The rapid rise of facial recognition technology has prompted widespread privacy concerns. But now Japanese researchers have developed a tool aimed at countering the surveillance tactic—the world’s first “privacy visor.”
Isao Echizen, an associate professor at Tokyo’s National Institute of Informatics, and Seiichi Gohshi, a professor at Kogakuin University, were wary of these developments—and decided to take action. After months of research, the duo invented a pair of high-tech glasses that emit a near infrared light to block face recognition cameras. It was their goal to counter what they call the “invasion of privacy caused by photographs taken in secret.”
The glasses, currently in prototype form, are hardly what you would term stylish. They are essentially a pair of clunky-looking lab goggles. Attached to them are small circular lights that, when turned on, are visible only to cameras. They are connected to a wire and a battery that you have to carry in your pocket. But though the design might require a few tweaks, the concept has been attracting significant attention in Japan, where it has been featured on TV.
Echizen tells me he’s received offers from companies that want to work toward commercializing the visors in the future. “We are developing an improved version of the privacy visor without power supply consisting of transparent materials that reflect or absorb specific wavelength,” he says. He predicts that the final product will be cheap, too—costing “around $1 per unit.”
Facial recognition technology has historically lacked accuracy, with cameras struggling to detect people if light sources were poor or faces tilted at an angle. However, the software algorithms used in the recognition process are constantly improving, and face recognition tools are being embraced by law enforcement across the world—from the United States to Ecuador. Face detection methods have also been increasingly used as part of social networking. It was integrated into Facebook, causing a privacy backlash in Europe that eventually forced the popular website to remove the function.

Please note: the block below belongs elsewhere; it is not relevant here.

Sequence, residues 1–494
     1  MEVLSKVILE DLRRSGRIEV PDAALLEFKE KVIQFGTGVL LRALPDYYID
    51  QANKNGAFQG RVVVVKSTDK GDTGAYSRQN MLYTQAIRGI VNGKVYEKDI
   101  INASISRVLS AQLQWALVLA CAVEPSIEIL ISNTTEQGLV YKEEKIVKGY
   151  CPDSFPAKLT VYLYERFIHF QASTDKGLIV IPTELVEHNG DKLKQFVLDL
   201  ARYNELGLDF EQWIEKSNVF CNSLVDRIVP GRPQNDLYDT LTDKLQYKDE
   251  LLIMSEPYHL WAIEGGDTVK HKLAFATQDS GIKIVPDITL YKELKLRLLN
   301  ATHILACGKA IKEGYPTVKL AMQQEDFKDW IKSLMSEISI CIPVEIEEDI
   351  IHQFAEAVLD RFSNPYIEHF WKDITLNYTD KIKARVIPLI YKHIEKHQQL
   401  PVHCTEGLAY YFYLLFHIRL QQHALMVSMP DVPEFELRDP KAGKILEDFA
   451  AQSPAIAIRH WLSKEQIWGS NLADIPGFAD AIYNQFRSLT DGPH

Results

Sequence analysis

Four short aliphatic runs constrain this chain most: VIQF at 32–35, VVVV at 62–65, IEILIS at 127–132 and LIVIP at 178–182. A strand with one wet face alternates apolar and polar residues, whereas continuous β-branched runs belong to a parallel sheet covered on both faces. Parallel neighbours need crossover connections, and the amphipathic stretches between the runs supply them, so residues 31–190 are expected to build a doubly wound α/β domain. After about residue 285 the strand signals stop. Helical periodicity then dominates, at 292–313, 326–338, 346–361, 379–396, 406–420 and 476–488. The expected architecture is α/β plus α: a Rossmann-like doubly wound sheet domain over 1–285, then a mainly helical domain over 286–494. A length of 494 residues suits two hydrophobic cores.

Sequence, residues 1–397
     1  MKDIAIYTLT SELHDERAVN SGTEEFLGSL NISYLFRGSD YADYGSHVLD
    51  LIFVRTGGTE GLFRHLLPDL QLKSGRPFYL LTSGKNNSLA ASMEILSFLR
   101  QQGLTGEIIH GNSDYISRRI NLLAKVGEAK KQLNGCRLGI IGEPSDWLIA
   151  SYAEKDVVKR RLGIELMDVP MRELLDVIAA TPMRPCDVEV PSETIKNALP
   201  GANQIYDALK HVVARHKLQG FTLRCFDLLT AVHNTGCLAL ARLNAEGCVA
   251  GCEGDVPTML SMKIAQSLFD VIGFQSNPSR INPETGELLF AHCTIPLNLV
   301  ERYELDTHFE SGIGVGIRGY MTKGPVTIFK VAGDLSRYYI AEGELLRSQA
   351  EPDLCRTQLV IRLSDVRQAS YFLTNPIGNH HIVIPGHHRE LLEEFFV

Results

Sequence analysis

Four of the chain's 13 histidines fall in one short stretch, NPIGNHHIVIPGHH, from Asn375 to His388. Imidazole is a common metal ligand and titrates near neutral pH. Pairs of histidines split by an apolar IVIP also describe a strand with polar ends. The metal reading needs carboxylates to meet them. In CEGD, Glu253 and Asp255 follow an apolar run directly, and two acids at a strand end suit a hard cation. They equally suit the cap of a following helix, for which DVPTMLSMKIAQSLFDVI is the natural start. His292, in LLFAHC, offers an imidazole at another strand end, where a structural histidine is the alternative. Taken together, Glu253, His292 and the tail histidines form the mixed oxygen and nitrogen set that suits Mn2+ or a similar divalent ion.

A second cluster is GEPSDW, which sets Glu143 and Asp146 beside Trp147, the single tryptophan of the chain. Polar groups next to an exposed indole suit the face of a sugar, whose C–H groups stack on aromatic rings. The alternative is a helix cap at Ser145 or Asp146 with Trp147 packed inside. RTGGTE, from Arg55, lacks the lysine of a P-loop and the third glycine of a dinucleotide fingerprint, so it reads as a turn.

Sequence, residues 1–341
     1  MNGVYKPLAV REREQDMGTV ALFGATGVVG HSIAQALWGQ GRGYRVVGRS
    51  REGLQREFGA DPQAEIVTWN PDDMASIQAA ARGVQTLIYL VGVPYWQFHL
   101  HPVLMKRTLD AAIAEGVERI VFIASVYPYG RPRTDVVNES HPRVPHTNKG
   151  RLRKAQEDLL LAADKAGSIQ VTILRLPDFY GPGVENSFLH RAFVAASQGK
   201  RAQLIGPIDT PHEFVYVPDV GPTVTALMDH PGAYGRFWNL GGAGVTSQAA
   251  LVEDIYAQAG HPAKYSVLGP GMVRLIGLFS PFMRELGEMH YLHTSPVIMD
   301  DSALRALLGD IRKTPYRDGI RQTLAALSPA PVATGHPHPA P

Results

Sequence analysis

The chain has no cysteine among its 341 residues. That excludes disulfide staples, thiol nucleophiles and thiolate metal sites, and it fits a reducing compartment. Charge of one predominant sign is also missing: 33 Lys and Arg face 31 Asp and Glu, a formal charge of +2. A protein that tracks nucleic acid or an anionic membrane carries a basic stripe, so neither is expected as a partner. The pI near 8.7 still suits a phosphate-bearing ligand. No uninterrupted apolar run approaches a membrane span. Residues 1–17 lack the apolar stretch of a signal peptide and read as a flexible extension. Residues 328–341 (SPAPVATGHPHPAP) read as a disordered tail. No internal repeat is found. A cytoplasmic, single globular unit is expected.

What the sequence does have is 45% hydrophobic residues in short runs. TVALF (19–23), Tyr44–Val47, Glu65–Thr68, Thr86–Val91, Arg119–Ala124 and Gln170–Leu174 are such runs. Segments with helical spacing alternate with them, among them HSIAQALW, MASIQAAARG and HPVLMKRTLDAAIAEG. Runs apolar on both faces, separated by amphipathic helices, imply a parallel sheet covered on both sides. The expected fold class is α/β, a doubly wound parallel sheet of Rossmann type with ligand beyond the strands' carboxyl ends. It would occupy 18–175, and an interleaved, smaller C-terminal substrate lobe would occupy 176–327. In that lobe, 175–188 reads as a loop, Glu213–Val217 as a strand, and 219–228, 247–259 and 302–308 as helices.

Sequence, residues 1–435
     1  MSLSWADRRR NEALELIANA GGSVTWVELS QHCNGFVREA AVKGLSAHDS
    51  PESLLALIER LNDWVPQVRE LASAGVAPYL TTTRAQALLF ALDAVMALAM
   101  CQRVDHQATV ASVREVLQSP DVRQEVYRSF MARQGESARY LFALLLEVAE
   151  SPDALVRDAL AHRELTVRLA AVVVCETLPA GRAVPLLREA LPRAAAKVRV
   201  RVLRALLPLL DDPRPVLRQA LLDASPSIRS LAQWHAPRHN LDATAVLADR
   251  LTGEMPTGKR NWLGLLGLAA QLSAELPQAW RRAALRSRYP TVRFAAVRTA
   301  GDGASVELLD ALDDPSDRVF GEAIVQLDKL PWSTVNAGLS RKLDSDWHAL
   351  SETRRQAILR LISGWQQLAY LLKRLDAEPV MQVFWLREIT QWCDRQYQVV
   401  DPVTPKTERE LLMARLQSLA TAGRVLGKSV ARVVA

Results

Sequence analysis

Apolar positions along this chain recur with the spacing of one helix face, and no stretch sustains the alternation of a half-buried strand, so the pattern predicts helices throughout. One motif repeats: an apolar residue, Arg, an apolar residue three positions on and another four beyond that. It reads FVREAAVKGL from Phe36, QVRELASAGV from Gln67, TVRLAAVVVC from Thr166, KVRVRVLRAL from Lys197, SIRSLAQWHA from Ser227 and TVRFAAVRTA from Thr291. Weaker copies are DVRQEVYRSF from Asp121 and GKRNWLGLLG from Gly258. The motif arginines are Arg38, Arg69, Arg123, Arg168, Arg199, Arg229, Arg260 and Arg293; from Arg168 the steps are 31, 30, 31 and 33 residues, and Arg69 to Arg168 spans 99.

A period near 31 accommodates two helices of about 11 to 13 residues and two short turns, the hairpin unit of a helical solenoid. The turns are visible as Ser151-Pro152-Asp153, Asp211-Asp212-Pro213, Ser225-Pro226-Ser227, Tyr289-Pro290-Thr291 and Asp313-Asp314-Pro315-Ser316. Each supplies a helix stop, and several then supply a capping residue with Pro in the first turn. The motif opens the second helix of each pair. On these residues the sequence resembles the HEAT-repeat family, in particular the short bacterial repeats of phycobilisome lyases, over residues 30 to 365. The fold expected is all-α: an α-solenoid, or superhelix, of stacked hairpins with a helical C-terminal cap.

Perhaps in a sign of how the technology is evolving, Echizen found that face recognition software used by Google’s Picasa image management platform could not be thwarted by wearing five different types of sunglasses (one at a time) or by tilting his head at various angles. It was then that he began experimenting using infrared light sources to create “noise” across key areas of the face used in the recognition process (particularly the eyes and nose).
Others have been tinkering with similar innovations. Last week, I reported on New York-based artist Adam Harvey’s “anti-surveillance” range of clothing, including a “drone-proof” hoodie and a cell phone pouch designed to thwart tracking. Echizen and Gohshi were partly inspired by one of Harvey’s previous projects—CVDazzle, which explored how face painting and hair styling could be used to counter face recognition.
Of course, it remains to be seen whether these anti-surveillance accessories will be embraced outside what Harvey aptly termed the “fashionably paranoid market.” But the burgeoning trend of innovation in this area shows there is a real thirst for privacy in a world where surveillance technologies are becoming increasingly advanced and ubiquitous.